The solution was for the young couple to start a year-round barn at Fran’s parents’ farm in Medfield, Massachusetts. Fran had kept her horses there as a kid, and they continued the Young Entry Stables name they had chosen for the camp. After four years, Fran quit teaching school. Their first daughter, Annie, was born in 1973. Later they expanded to a larger farm with about 25 stalls, also in Medfield. The barns, which had been the original livery stable for the town, were in a state of abject disrepair. They required a tremendous amount of time and work to return to some semblance of useable condition.
Joe kept teaching school, working in the Boston system. He and Fran soon had two little kids, and he felt he needed the security of a regular job and health benefits to support the family. After finishing school for the day, he would head to the barn and teach along with Fran. As their students were mostly children who didn’t get to the barn either until after school, it all worked out. Joe wrote a book, called A Piece of Chalk, about his teaching experience in Boston, which took place during de-segregation and busing.
Like all horsepeople, Fran and Joe have had unique horses, including some that seemed almost human. Joe remembers Fran’s horse, Champ, very clearly. “We used to have a six-horse van. We’d put six horses on the van, and then Annie’s little Walk Trot pony would go up the ramp and turn around and face the door. Then Champ would place his butt to the ramp and Joe would say get up there and he would look left and then right and then back up the ramp because there wasn’t any room to turn him around when he got up there. He would back up the ramp and get up there and then the pony would go under his belly and off we would go. I would never even think to do that with any other horse. He knew exactly what I wanted him to do.”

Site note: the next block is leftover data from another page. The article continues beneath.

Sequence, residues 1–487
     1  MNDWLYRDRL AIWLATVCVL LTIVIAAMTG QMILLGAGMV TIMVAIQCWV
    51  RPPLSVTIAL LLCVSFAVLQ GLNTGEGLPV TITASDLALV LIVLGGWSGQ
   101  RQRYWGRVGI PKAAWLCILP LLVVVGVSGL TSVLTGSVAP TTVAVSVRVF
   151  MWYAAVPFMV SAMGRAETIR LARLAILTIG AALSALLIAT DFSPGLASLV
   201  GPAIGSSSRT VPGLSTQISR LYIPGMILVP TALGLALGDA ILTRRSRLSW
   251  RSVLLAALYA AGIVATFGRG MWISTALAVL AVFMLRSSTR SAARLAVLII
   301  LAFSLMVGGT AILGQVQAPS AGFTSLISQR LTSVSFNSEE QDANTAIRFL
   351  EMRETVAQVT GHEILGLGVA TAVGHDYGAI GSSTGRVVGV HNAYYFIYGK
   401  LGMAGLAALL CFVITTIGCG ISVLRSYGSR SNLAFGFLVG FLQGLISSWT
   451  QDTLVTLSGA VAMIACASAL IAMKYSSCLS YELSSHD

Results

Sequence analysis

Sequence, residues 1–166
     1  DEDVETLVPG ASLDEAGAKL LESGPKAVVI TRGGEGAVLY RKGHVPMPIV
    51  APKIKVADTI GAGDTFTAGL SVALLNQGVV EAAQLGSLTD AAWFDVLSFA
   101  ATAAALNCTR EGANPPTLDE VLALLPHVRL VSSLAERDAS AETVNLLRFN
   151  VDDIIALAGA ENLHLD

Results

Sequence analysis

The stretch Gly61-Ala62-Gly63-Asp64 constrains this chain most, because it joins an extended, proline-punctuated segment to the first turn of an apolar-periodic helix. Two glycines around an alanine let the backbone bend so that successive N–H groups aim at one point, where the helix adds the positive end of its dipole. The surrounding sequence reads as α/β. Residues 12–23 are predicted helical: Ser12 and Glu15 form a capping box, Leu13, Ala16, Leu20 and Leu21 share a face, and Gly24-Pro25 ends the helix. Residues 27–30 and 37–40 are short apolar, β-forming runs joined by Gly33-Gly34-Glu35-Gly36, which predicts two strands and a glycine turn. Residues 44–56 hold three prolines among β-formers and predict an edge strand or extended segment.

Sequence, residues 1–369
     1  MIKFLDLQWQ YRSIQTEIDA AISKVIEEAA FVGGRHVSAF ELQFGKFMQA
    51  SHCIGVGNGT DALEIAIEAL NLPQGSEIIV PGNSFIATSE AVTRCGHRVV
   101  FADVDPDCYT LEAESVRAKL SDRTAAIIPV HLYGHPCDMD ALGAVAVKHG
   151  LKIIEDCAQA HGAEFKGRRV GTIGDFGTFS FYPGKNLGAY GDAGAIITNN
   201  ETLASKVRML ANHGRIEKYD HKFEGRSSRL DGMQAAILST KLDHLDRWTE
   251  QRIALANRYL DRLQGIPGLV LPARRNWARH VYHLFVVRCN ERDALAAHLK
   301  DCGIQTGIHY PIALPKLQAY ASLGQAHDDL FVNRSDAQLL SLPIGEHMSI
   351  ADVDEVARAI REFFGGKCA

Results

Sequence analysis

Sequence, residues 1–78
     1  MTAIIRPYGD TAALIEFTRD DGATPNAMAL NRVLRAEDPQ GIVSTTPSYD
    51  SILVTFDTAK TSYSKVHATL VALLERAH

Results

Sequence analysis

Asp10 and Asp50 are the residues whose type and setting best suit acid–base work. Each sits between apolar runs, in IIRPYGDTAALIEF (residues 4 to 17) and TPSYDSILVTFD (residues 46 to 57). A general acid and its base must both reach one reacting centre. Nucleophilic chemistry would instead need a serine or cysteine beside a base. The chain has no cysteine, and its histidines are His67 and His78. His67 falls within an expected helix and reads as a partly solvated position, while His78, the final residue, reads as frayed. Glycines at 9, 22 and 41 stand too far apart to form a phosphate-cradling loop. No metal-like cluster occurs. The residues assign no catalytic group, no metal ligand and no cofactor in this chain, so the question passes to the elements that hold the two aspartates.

Fran says, “Color Me Blue was a splashy kind of horse and a very good mover. We always did well under saddle. If he decided he was going to jump that day, you were in good shape. Otherwise, forget about it! But I did enjoy field hunting him once we realized his showing days were frustrating. I took him field hunting and he was really good at that. Probably the fanciest field hunter out there! You have to find the right niche for them, you know?”
Peter Wylde’s Junior Years
Fran and Joe were happy teaching, training, and growing their barn family. “Then one day this little kid shows up,” says Joe, “his name was Peter Wylde. He made us famous, and now he’s training our granddaughter along with our daughter and her husband.”
When Peter arrived, they realized it was time to give up the camp. They were going to need to focus to bring him to his potential. They knew from the start that Peter possessed incredible natural talent. Everyone knew it. The word was out that this young man was a rider that would go places. Peter was “always a delight. He has a wonderful family and was always great to work with.”
While Fran had given Peter some up/down lessons as a small child, he had mainly trained with Clem Russell. When Clem decided to go back to school for a degree, 12-year-old Peter landed like a gift in the Dotoli’s barn.
Joe recalls, “It was the luckiest thing that ever happened in our careers.
“In fact,” says Joe, “when Seddon and John Wylde asked if we could train Peter, Fran and I had all we could do not to look like blithering idiots.”